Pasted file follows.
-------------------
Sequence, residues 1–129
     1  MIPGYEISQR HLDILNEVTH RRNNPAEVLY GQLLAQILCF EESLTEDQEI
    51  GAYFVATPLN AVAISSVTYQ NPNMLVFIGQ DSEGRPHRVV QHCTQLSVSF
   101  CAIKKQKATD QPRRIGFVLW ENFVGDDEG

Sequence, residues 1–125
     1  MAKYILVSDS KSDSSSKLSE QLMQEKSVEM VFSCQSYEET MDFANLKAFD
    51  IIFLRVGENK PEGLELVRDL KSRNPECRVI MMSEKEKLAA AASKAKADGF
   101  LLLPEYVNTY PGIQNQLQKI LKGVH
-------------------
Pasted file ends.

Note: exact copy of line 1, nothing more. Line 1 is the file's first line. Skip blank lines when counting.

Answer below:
Sequence, residues 1–129